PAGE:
Gov. Phil Murphy is “cautiously optimistic” as the deadline for the 2020 budget looms. He held a roundtable discussion Wednesday at the Albio Sires Elementary School in West New York to promote his budget.
The big question, of course, is the millionaire’s tax. The governor is once again pushing for the tax, which was a sticking point in last year’s stalled negotiations.
The governor wouldn’t say if it’s a real line in the sand or not, other than that he needs a stable, reliable source of revenue for the middle class. He says if he gets the millionaire’s tax, he’ll put $250 million toward direct property tax relief.
“We can’t keep stumbling every year from June 30 to July 1. The legislators have lived this more than I have, but the whole notion of all nighters, trying to find the band aids and then waking up the first day of the next fiscal year and realizing it’s only a matter of time before you’re doing it again. And a millionaire’s tax goes a long way,” Murphy said.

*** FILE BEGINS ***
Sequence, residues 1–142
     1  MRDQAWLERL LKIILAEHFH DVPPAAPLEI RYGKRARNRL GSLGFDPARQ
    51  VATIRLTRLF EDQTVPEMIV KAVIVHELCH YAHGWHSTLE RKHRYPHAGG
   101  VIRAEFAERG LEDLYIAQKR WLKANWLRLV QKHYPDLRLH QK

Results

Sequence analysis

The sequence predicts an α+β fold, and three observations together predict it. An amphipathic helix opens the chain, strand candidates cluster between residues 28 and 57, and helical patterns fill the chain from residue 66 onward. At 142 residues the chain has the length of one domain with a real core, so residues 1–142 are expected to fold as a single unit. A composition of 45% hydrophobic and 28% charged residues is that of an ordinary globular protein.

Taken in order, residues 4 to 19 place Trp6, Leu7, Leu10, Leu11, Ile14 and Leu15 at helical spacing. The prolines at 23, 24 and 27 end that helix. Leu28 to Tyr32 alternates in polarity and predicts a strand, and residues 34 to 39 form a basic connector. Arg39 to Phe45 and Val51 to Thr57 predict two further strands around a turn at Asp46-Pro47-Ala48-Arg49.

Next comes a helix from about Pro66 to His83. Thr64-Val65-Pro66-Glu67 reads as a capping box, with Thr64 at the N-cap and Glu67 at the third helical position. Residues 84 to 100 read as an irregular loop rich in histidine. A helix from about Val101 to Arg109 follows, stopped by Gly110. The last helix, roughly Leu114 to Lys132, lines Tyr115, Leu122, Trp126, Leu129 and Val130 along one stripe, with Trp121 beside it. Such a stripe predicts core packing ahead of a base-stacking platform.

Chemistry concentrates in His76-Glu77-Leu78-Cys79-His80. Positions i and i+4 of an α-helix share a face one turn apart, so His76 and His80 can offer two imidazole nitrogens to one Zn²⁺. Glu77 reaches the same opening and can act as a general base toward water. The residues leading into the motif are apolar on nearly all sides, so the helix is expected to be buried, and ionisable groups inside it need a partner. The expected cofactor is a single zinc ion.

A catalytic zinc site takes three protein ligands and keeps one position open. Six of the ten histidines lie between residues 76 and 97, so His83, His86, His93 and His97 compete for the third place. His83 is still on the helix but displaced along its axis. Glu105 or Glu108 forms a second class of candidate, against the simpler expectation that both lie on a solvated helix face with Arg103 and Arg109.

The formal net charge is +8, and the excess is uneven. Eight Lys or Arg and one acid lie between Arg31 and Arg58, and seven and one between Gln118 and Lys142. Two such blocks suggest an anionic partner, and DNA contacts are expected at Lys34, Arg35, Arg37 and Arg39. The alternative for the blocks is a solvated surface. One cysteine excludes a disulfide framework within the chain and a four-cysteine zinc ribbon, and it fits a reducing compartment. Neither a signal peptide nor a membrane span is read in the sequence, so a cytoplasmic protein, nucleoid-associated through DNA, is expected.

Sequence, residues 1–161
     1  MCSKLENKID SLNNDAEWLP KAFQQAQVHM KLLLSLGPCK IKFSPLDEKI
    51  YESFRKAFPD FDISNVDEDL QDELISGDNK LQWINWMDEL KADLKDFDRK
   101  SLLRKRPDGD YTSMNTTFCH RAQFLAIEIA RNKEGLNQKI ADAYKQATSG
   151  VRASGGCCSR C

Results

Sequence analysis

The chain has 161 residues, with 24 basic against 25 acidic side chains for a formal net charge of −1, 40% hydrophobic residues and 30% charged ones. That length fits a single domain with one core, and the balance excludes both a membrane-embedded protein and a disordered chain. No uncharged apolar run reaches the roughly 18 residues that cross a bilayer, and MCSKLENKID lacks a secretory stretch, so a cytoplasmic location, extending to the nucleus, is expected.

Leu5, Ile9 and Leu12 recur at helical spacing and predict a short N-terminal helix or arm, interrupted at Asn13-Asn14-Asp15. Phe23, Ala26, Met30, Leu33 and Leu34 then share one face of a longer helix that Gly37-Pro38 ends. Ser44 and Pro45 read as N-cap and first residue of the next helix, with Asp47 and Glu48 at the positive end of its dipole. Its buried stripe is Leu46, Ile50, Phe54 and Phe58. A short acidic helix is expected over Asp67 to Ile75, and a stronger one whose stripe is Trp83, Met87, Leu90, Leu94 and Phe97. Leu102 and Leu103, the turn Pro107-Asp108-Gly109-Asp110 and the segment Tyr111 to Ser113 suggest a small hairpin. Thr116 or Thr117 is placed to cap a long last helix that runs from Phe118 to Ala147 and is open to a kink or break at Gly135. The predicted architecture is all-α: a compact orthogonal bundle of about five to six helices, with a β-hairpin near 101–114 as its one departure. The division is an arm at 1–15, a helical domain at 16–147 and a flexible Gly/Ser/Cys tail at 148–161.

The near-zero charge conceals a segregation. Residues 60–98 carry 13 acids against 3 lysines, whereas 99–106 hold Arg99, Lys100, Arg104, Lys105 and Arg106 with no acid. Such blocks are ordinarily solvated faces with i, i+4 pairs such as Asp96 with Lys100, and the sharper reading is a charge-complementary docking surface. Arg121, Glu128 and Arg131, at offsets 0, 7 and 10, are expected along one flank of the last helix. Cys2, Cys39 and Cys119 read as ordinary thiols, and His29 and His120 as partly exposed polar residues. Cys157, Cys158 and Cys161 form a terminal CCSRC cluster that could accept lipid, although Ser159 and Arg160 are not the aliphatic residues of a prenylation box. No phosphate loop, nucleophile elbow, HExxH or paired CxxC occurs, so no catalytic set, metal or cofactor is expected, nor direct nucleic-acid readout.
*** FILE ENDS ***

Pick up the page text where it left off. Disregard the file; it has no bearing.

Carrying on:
The governor was also asked about his conditional veto of a dark money bill that requires groups that give political donations to give greater transparency and closure.
The governor sent it back saying he wanted to expand it and make it stronger. Murphy’s been under fire because of his connection to a group called New Direction New Jersey, which gave advertising money to help promote his budget during last year’s budget negotiations.
“We conditionally vetoed that bill because A, I have an obligation to sign things that are constitutional. And notwithstanding, I think a strong and heart-filled passion on behalf of the sponsors to do the right thing, and I don’t question that at all. We couldn’t sign what we got,” Murphy said.
Reportedly, Senate President Steve Sweeney is calling for a veto override. It would be the first of its type and create an even greater rift among Democrats.
Assembly members will have an opportunity to do that this week. The Senate will have an opportunity the first week of June. We can only wait and see.